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While there is no single therapy available that will
halt cachexia or sarcopenia, a multimodal approach, including pharmacologic and nutritional intervention in addition to exercise programs, may minimize muscle loss due to these syndromes. And in the case of cachexia, addressing the underlying disease is imperative for minimizing loss of LBM.
Several novel pharmacologic therapies are currently undergoing trials for use in both cachectic and sarcopenic humans and may serve as a starting point for therapeutic opportunities that may benefit veterinary patients in the future but are beyond the scope of this review.
In humans, both resistance and aerobic exercise have been shown to be effective in minimizing muscle loss and improving muscle function, as well as attenuating inflammatory markers, reducing fatigue, and improving quality of life in geriatric and cachectic patients suffering from loss of LBM.8 These actions are thought to be
due to anabolic effects of exercise including stimulation of IGF-1, inhibition of inflammatory mediators and myostatin, as well as increased antioxidant capacity through enhancement of free radical scavenging enzymes and other mechanisms. While instituting such programs poses unique challenges in veterinary patients, it is possible and likely would be enjoyed by the majority of canine patients. Simple plans could include increasing normal daily activities of a geriatric canine patient (short walks, hikes, and playing catch) and may improve their agility and attenuate muscle loss. Cats can often be encouraged to exercise through play activities such
as replicating the hunt experience, utilizing stairs and laser pointers. Many geriatric dogs and cats suffer from degenerative joint disease (DJD), which may impact their level of activity; this can be effectively managed through nutritional interventions (therapeutic joint diets, omega-3 (n-3) fatty acid supplementation) as well as judicious pharmacologic pain management. Addressing DJD often greatly enhances self-initiated exercise in geriatric dogs and cats and may assist in improving quality of life, mobility, and muscle mass/function with little cost or risk to the family. It is critical that the veterinary team address such conditions when instituting plans to increase a geriatric patient’s activity.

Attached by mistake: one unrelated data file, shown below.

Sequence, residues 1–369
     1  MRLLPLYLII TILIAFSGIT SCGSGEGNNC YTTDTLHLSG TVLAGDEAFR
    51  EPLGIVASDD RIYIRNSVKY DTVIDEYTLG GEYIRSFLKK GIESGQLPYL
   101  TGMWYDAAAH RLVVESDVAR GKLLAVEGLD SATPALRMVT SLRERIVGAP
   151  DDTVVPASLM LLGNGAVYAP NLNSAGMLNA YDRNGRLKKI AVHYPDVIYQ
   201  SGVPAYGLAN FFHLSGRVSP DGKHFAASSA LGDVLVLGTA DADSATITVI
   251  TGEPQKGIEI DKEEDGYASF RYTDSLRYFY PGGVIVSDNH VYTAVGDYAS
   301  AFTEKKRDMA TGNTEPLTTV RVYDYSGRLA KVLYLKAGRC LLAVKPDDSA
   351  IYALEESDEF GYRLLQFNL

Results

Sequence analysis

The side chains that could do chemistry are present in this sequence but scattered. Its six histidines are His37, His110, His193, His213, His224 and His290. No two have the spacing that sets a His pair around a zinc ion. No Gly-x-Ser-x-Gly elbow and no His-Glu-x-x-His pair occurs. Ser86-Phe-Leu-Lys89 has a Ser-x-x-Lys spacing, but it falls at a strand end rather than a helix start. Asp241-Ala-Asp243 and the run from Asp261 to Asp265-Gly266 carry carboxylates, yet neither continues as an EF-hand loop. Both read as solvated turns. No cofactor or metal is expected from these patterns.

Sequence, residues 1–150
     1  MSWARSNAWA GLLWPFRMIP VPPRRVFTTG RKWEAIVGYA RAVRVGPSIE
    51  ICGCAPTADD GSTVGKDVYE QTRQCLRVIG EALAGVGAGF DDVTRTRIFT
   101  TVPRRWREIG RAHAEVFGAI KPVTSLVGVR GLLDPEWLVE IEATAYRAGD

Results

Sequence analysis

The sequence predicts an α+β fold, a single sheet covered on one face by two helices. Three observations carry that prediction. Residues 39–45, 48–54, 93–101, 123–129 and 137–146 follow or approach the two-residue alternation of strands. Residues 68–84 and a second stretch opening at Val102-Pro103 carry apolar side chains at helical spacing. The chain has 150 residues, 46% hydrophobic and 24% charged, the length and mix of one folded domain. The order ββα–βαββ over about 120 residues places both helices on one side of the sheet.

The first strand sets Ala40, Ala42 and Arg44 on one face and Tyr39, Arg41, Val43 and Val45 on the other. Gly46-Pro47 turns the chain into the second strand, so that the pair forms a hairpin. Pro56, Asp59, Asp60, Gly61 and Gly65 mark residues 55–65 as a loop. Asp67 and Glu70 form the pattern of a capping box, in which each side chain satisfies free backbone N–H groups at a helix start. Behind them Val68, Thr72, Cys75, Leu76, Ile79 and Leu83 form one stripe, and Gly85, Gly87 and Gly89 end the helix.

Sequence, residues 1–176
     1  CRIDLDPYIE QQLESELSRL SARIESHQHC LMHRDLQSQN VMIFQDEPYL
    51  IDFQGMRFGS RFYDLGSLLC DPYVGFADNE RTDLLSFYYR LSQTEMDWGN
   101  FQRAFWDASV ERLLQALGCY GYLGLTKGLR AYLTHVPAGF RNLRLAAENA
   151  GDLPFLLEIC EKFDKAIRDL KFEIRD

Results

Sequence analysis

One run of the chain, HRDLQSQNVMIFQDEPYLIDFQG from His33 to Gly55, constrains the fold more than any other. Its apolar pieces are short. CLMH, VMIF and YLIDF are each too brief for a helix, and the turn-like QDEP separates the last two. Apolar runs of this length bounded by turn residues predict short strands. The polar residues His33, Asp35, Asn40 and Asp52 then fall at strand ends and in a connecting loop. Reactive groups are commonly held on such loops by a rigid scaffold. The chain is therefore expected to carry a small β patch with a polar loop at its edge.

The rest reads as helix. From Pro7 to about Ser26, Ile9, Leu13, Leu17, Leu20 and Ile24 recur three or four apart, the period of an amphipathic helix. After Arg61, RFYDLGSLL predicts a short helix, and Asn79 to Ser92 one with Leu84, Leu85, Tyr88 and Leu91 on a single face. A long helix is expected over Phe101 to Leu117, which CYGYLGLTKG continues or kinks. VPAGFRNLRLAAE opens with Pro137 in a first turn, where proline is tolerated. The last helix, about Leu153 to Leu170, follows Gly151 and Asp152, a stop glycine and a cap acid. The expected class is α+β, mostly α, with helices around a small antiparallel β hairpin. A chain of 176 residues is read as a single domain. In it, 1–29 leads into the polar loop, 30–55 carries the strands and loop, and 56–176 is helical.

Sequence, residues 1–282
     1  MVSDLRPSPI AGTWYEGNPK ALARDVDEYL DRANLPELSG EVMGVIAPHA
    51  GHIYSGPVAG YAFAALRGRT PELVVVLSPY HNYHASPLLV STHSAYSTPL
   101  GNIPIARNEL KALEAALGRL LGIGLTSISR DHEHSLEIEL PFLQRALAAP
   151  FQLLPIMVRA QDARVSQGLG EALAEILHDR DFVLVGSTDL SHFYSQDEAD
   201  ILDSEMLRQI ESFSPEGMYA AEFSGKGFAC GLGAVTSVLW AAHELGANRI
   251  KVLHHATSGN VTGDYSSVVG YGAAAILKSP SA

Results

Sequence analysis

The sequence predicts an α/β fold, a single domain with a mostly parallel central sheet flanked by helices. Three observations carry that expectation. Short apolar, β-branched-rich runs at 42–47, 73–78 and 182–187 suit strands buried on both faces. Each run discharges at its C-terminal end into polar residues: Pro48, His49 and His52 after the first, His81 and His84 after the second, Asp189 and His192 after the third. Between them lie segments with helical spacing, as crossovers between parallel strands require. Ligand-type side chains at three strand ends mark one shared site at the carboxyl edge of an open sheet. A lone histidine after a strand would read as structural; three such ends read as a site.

Nutrition holds great potential for combating many of the mechanisms involved in both cachexia and sarcopenia. Inflammation is believed to play a fundamental role
in development of age- and disease-related muscle
loss as outlined above. Long-chain n-3 fatty acids have demonstrated anti-inflammatory effects in both humans and dogs and cats and therefore may assist in attenuating the inflammatory component that is
so fundamental in both of these syndromes. On the veterinary side, n-3 fatty acids have also been shown to
An Urban Experience
improve appetite and reduce muscle loss in dogs with heart failure.9
Antioxidants and mitochondrial cofactors may also
be beneficial as part of multimodal therapy for muscle wasting syndromes, due to the pivotal role that oxidative stress plays in their pathogenesis. While efficacy
of antioxidants appears promising for patients with cachexia, optimal dosage, route of administration or the most effective combinations have not been established, and studies in veterinary patients at this point in time are lacking.
In veterinary patients suffering from muscle loss it is also critical that caloric and protein requirements are met daily. This is an issue plaguing CKD patients. While renal therapeutic foods have historically been characterized as unpalatable, recent studies found that 94% of cats and 97% of dogs with CKD successfully transitioned
to Prescription Diet k/d.10,11 Nonetheless, hyporexia (decreased food intake) is quite common in the CKD patient. In the case of insufficient caloric intake muscle will ultimately be catabolized to provide a necessary source of energy. Patients eating insufficient calories are often also not meeting their protein requirements, further perpetuating muscle loss. While studies focused on supplementing protein or specific amino acids in humans have shown mixed benefits, it is generally agreed that meeting the patient’s basic need for nitrogen and the essential amino acids is imperative. Since insufficient caloric and protein intake further exacerbates muscle wasting in cachectic pets it must be prevented when possible through meticulous use of antiemetics, appetite stimulants, proper feeding orders, and when necessary and appropriate, enteral nutritional interventions such as esophagostomy tube placement. A thorough nutritional assessment as part of every patient visit greatly reduces the risk of malnutrition in both healthy and diseased senior pets.
Figure 1: Overlapping Mechanisms of Cachexia and Sarcopenia

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